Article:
Abraham Lincoln Carrier Strike Group
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Why Are There Tensions Between The US And Iran?

Tensions between the two nations have continued after a US drone was shot down by Iran's Revolutionary Guard

Abraham Lincoln Carrier Strike Group

A US aircraft carrier strike group was deployed to the Middle East amid rising tensions with Iran (Picture: US Department of Defense).

Tensions between the United States and Iran have arguably been developing for some time.

The latest incident between the two nations is a dispute over a US drone shot down by Iran's Revolutionary Guard.

The Americans say it was flying in international airspace, while the Revolutionary Guard says it was in Iranian skies.

It follows accusations by the US that Iran sabotaged two oil tankers, which Iran denies, and confirmation that an additional 1,000 troops will be deployed to the Middle East by America.

Parts of the Middle East are of strategic importance to the United States.

The USS Abraham Lincoln carrier group is currently located in the Arabian Sea, four B-52 Strategic Bombers are at Al-Udeid Air Base in Qatar, four F-35A Lightning II jets are based in Abu Dhabi and US Patriot air defence missiles are positioned across the United Arab Emirates.

Tensions have escalated as Iran appears poised to break the 2015 nuclear deal with world powers.

President Donald Trump pulled the US out of the deal last year, labelling it "horrible" and "one-sided" which left them to be "held hostage to nuclear blackmail". 

But President Trump did also say he was "willing" to make a new deal, although recent developments may mean that is now unlikely.

The deal, reached by global powers including the UK, US and China, saw Iran agree to limit its enrichment of uranium in exchange for the lifting of crippling sanctions. 

But fast forward to 2019 and Iran claims it has quadrupled its production of low-enriched uranium. 

US sanctions have cut off opportunities for Iran to trade its excess uranium and heavy water abroad.

Iran says the sanctions have crippled their economy and have called on Europe to help and without any, they say they may be pushed to break the nuclear deal - something President Hassan Rouhani says he does not want to do.

Iranian President Hassan Rouhani said he does not want to leave the nuclear deal (Picture: Kremlin).

Last year, President Trump announced plans to withdraw troops from the Middle East. 

He announced all troops in Syria would return to the US, while there would also be a partial withdrawal in Afghanistan.

But he said soldiers will be staying in Iraq to "watch" Iran, calling the country a "real problem".

Since then, the US has continued to strengthen its military presence in the region.

In May, the US deployed aircraft carrier USS Abraham Lincoln to the Middle East to counter what they described as a growing threat from Iran.  

No exact details were released of the threat posed by Iran but the Pentagon said there were signs of heightened Iran readiness to conduct offensive military operations. 

An additional Navy ship and missile defence system were also deployed to join the strike group which included B-52 Bombers.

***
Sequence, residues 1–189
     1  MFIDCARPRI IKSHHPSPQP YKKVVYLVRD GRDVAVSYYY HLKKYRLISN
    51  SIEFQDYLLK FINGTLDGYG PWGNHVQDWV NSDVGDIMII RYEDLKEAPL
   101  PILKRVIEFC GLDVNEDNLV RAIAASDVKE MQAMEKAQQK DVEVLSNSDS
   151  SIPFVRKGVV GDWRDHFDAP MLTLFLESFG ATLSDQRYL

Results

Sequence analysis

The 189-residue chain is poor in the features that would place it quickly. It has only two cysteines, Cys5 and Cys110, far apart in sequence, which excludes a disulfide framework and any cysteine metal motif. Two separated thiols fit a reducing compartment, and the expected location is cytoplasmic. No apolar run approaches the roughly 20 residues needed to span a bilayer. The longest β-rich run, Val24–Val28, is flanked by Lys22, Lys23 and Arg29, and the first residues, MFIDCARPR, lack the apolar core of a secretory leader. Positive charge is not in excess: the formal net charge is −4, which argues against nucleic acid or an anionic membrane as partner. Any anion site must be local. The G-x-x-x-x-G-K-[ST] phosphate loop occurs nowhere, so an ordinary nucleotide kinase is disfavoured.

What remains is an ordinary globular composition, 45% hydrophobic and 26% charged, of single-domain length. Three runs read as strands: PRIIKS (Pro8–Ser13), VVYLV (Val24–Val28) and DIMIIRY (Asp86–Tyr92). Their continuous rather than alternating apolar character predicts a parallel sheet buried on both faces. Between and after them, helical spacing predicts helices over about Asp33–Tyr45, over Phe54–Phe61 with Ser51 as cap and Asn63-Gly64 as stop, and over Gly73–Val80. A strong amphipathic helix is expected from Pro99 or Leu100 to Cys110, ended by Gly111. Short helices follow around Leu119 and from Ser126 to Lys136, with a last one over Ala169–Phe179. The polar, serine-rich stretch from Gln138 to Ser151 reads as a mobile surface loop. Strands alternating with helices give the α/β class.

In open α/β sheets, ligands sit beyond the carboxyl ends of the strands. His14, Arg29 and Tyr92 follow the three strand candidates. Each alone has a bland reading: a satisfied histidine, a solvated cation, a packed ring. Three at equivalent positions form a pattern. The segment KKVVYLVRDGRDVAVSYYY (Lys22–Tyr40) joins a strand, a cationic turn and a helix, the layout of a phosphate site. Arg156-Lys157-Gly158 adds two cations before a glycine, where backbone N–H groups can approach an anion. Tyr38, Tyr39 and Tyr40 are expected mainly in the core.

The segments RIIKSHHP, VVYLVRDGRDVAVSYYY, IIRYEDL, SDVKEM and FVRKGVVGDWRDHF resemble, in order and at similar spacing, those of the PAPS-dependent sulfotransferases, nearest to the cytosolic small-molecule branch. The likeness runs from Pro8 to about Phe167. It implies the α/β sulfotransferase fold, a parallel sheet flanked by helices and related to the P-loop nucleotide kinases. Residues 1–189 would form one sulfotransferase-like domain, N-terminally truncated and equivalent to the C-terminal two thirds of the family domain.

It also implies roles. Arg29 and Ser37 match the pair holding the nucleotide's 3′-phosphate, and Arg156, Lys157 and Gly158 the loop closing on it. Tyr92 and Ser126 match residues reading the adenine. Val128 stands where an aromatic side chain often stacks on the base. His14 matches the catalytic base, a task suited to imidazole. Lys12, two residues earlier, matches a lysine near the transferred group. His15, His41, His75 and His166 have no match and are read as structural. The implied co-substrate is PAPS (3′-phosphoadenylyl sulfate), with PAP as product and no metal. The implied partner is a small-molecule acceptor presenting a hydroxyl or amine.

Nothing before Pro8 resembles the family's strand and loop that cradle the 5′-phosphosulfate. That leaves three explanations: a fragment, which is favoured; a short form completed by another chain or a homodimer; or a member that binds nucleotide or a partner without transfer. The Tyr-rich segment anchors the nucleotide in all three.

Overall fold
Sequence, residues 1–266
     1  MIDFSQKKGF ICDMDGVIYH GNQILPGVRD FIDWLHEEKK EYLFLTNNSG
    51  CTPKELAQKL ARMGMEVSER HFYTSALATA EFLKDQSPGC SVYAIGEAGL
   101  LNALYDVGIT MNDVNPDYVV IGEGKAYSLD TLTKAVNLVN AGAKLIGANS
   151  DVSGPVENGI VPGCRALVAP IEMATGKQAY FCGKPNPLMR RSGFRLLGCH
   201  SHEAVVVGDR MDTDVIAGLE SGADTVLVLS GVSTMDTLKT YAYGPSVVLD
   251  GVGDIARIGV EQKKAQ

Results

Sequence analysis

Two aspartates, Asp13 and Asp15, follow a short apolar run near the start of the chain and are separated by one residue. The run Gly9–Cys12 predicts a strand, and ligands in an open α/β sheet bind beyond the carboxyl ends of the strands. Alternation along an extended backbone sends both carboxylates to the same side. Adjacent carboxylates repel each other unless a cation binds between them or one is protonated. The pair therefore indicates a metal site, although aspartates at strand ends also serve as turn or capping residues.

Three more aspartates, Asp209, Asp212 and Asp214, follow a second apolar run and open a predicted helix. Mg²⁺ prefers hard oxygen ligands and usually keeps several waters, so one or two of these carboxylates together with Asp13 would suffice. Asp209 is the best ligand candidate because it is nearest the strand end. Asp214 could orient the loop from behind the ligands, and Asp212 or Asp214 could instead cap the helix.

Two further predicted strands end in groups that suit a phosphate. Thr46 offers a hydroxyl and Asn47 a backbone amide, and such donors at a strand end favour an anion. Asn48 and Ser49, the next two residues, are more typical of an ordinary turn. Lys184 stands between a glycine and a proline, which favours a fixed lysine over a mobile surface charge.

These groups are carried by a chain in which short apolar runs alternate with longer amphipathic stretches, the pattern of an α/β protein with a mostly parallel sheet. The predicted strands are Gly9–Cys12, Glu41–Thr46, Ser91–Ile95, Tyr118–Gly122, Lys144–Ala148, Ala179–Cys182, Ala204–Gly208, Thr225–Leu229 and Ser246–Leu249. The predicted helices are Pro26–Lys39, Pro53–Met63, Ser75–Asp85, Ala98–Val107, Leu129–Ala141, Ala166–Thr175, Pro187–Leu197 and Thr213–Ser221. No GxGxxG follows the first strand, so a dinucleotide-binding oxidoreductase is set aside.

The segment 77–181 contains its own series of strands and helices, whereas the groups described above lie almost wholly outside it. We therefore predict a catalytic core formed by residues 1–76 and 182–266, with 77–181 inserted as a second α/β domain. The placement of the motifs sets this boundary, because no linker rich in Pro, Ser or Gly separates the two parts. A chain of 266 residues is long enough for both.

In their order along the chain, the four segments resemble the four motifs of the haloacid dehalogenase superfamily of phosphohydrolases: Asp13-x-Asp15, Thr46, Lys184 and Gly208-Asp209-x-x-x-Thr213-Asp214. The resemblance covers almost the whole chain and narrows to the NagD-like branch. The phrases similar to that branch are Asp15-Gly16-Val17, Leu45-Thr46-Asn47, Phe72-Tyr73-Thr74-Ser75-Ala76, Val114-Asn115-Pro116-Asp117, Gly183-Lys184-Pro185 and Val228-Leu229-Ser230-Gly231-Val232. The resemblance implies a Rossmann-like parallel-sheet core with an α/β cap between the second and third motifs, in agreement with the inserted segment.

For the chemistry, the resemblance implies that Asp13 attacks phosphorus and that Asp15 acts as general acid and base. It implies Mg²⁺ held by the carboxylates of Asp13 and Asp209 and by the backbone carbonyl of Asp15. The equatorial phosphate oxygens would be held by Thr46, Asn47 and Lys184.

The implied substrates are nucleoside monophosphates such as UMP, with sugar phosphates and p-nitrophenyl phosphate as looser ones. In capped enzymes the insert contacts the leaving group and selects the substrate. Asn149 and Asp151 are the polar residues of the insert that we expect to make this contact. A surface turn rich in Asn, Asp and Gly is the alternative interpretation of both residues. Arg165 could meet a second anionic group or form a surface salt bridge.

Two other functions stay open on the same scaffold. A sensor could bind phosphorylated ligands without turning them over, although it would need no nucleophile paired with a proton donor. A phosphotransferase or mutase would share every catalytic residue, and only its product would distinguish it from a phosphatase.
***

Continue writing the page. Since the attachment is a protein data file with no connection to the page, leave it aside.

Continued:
In the same month, the US also announced plans to send additional troops to the region, something Iran's foreign minister slammed as "extremely dangerous" to "international peace and security".

FA-18E Super Hornets take off Nimitz-class aircraft carrier USS Abraham Lincoln
F/A-18E Super Hornets prepare to launch from the flight deck of USS Abraham Lincoln which has deployed to the region (Picture: US Department of Defense).

More recently, incidents involving oil tankers have worsened the US-Iran relationship. 

First, Saudi Arabia said two of its oil tankers had been sabotaged off the coast of the United Arab Emirates (UAE).

Four ships in total were damaged in the attack.

Saudi Arabia said one ship was carrying Saudi oil which was heading to the US.

The US accused Iran of being behind the attack but Tehran denied all allegations - further exacerbating the already strained relations.

US National Security Adviser John Bolton said "naval mines almost certainly" from Iran were to blame for the damage.

John Bolton said "there is no doubt" that the missiles violated UN Security Council resolutions (Picture: US Department of Defense).
National Security Adviser John Bolton was accused by Iran of being a "warmonger" (Picture: US Department of Defense).

But a spokesman from Iran's foreign ministry said Mr Botlon's claim was "ludicrous" and called him a "warmonger".

Weeks later, UAE told the UN Security Council a "state actor" was most likely behind the attack.

Two more oil tankers have since reportedly been attacked, this time in the Gulf of Oman.

The US Navy's USS Bainbridge rushed to provide assistance to the incident which happened 25 miles off the Iranian coast. 

The US responded by releasing a video and then images which it says provide further evidence that Iran is to blame for the attacks on two tankers and also committing to send 1,000 extra troops to the Middle East.

Iran has denied any involvement in the attacks, with President Hassan Rouhani stating his country is not seeking to "wage war with any nation".

On Thursday, a US drone was shot down, with American and Iran disagreeing over whose airspace the craft was flying through.